THIS BOOK is dedicated to
the most unusual person that I ever got to
know in Livermore, Mike Pompileo, who
lived the rugged lifestyle of a bygone era.
The son of an Italian immigrant coal
miner from Pennsylvania, Mike was the
teller of tall tales, yet led a simple, impover-
ished existence. When I knew him in the
70s and 80s he was gentle and kind-heart-
ed and not the hellraiser that I heard about
from his earlier days. He loved animals; in
fact collected cats and dogs when he could
find a place to keep them. And he was the
only person that I have ever known to try
to "homestead" a piece of land by living on
it in a tarpaper and cardboard box shack
for several years before being evicted as a
squatter, then becoming Livermore's most
celebrated homeless person.
He was forced to leave Livermore some
years ago because there was no longer
cheap housing for him here and his health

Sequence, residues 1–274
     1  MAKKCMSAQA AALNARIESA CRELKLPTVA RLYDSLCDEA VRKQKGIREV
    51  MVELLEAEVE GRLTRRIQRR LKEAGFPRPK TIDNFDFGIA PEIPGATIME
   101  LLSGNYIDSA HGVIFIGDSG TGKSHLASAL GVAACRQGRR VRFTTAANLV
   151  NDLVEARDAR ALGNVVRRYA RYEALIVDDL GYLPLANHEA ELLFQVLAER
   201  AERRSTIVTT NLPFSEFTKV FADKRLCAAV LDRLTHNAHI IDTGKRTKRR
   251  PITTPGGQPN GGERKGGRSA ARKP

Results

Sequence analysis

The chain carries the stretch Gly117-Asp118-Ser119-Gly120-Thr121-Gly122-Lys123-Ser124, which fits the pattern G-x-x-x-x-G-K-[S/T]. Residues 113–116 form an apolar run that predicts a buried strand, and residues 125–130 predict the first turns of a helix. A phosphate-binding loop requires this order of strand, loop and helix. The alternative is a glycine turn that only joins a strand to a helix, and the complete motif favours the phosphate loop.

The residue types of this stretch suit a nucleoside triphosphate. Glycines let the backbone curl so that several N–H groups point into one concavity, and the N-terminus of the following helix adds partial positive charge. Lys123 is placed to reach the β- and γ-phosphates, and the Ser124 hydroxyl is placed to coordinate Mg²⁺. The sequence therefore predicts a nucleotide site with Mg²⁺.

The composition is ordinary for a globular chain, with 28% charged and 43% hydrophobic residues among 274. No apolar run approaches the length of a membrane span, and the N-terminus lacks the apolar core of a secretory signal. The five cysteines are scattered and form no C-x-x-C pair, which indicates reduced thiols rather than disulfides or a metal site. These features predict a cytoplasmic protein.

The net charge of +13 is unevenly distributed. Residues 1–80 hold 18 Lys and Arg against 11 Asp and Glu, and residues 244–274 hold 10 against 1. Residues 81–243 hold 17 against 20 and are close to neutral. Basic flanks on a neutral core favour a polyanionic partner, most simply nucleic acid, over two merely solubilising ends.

wouldn't allow him to return to his pre-
vious primitive lifestyle in the surrounding
countryside. But I shall always remember
our long conversations, his claims of being
a direct descendant of the early California
Spanish governor Pio Pico, his stories of
gold in these hills, and his surprising know-
ledge of local and state history.
This familiarity with local history appar-
ently was gleaned from many old books
and photocopies kept in a ragtag suitcase,
the only remaining possession that was
rescued from his shack when it was ordered
burned to the ground.
San Francisco had its Emperor Norton
and Livermore had her "Big Mike," a
mountain of a man. (If you want to re-
member him at his best, stop by the Liver-
more Heritage Guild History Center and
ask to see the beautiful portrait done of

  • Barry Schrader


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Dekalb County

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